Chinese billionaire Xiao Jinhua [肖健华] is missing.
Despite numerous news reports to the contrary, that’s pretty much all anyone outside the State authorities here really knows.
Xiao Jinhua is a high-profile executive, reclusive in one sense (at least where he lives and how he’s protected) and, like so many people of means here in China, the holder of multiple passports. Some early accounts in Hong Kong even indicated that he was simply overseas, possibly undergoing a medical procedure of some sort.
Today the New York Times presents an account of how they think Xiao left his residence: in a wheelchair, under a blanket or covering of some sort, escorted by individuals who may well have been security agents from the mainland. That story reinforces the growing sense that Xiao was rendered back to the Chinese mainland for investigation (including interrogation), much like a number of Hong Kong booksellers whose publications apparently riled political authorities in Beijing.
All of that is both fascinating and disturbing. But what it means in terms of political import isn’t at all evident. Some have speculated that Xiao’s abduction is a sign of a deepening power struggle in the run-up to this year’s 19th Party Congress; that Chinese president Xi Jinping is attempting to cement total authority, possibly extend his tenure past the usual and legally-proscribed two terms; and that Xiao is “a pawn” in what it either an effort to discredit Xi’s rivals, or possibly an attempt to embarrass Xi himself, given alleged financial ties between his family and Xiao. Maybe, but then again perhaps nothing of the sort.
There’s a lot of fine investigative reporting that’s already been done on Xiao and his disappearance. No one really knows why Xiao was taken back to the mainland; the fact that it mirrors the snatching of Hong Kong booksellers might indicate—might indicate—that Xiao managed to anger some powerful people in Beijing about what he knew and with whom he might share it with. There may well be more to follow in the coming days about the kidnapping or disappearance (whichever it is, and there’s a difference), which could be helpful in determining just what’s going on with Xiao and what it all might mean. At this point—nothing about any political motive is clear, and everything connected to that is conjecture, guesswork, and gossip.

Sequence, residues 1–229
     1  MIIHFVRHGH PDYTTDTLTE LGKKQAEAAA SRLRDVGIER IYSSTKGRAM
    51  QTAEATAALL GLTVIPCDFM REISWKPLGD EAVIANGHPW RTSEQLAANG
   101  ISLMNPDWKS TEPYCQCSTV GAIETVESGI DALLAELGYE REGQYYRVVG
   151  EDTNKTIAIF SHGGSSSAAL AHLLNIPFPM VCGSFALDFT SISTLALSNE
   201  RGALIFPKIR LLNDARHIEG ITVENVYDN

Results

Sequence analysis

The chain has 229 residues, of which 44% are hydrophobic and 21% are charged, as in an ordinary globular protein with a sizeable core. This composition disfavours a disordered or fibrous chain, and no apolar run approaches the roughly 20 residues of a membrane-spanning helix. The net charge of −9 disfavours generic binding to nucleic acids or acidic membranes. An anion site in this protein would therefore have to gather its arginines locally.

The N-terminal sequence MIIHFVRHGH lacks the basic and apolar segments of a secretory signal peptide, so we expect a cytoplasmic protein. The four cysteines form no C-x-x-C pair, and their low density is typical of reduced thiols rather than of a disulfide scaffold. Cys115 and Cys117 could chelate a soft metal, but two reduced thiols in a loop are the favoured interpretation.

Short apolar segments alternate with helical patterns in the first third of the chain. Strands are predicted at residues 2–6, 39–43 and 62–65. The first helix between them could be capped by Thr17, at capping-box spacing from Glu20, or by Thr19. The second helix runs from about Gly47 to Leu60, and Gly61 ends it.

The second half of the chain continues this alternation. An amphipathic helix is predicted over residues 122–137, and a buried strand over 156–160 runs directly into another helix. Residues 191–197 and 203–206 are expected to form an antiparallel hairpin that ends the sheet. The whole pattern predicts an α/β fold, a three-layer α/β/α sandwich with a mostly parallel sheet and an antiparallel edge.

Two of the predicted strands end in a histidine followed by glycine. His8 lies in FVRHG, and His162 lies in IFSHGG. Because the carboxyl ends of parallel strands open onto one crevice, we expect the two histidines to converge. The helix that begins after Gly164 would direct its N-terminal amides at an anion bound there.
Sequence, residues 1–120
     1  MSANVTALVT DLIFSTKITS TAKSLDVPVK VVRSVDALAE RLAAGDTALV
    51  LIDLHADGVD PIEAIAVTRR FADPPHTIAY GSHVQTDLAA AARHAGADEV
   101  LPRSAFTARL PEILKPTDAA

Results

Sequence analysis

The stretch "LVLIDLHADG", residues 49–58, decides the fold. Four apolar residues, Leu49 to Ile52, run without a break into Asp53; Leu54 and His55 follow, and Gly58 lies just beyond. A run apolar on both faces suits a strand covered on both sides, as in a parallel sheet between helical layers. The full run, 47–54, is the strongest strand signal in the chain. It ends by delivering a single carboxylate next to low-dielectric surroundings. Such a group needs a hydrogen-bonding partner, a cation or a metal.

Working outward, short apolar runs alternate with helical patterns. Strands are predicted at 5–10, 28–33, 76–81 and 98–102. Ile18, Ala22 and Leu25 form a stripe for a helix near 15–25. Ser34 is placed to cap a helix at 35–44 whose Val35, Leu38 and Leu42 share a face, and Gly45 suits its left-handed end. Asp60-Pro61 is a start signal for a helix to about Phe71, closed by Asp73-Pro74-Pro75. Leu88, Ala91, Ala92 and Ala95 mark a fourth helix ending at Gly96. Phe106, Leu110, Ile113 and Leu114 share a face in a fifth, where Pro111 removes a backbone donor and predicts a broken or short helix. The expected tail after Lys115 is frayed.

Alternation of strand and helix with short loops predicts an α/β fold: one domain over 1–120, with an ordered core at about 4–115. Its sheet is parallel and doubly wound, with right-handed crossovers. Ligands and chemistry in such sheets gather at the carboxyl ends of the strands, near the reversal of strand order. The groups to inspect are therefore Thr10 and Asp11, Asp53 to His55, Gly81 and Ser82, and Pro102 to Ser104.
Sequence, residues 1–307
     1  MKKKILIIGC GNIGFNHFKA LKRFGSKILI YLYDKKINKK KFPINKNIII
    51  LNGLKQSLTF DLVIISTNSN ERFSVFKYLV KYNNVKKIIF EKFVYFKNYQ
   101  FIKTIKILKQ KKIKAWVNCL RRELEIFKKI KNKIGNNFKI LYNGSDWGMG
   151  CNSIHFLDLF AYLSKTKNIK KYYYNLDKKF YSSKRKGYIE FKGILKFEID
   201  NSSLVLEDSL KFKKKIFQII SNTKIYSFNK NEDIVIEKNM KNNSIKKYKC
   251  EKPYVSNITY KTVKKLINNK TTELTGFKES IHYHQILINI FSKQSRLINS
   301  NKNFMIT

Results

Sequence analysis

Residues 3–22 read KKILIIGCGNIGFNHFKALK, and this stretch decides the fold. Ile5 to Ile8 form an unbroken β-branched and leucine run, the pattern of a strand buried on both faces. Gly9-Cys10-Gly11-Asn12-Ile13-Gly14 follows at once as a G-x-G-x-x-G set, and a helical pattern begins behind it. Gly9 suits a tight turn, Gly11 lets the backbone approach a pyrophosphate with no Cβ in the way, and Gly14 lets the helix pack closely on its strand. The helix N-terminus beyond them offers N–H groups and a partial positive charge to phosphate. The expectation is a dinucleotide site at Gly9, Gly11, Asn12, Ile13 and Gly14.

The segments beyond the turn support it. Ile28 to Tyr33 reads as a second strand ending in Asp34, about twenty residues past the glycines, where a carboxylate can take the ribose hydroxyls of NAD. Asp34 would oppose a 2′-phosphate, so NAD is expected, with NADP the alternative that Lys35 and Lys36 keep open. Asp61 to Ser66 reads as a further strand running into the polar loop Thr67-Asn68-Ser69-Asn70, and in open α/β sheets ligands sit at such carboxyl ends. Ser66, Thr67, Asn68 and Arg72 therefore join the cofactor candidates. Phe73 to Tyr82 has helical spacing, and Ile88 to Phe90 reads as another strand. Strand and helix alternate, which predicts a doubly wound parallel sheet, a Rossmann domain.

What’s also less than helpful—indeed, debilitating--is the assumption that there’s enough information available now to label the incident a move by Xi and his allies to work some sort of political magic for themselves. The Establishment Narrative when it comes to elite politics is that Chinese leaders struggle for power; that apparently they don't have enough of it already (even though conceptions of “power” slip-slide between status, authority, influence, domination, and everything in-between); and that pretty much everything that happens in China’s upper echelons is about one faction trying to subvert another to preserve positions.
Yet at the same time, the same Narrative intones that the process of political succession in China is more institutionalized, more predictable, less violent than before—that really what goes on beyond closed doors in Beijing isn’t all that unlike which happens in the great wide and often white open of Washington.
But Chinese politics cannot possibly be both—on the one hand, a vicious political cage-match; and on the other, negotiated by consensus in a conference room.
Indeed, it’s unfortunate, unfair and unhelpful to describe Chinese elites are motivated by just more of what they really have, and that every move they make is done to protect their political flanks and their families. That’s an inane caricature, one that’s very nearly colonial in character: It renders Chinese politics as so different, so Other to be less serious than politics elsewhere--to use “renders” in pretty much the same way as it’s traditionally presented, as “abducted”. What’s often missing is an attempt to cast Chinese politics, when it is a struggle, as a struggle for power over policy, over the direction of the political system, China’s economy, military doctrine, and the like, replete with debates and arguments about the same that demand attention, not dismissal every time a high-profile event intrudes. Anyone conversant with the Party media here should know that and be cautious about concluding what’s going on with Xiao, but perhaps it’s easier for some to just plug in the microphone jack and pontificate, rather than pause and ponder for a bit.
There’s almost certainly a larger story here, but at this moment, it’s opaque at best, and should be labeled as such. The only thing that's truly clear is that no one saw Xiao Jianhua’s disappearance coming, which says as much about the way Chinese politics is presented by far too many observers as the purported abduction itself. Each is disturbing in its own unhappy way.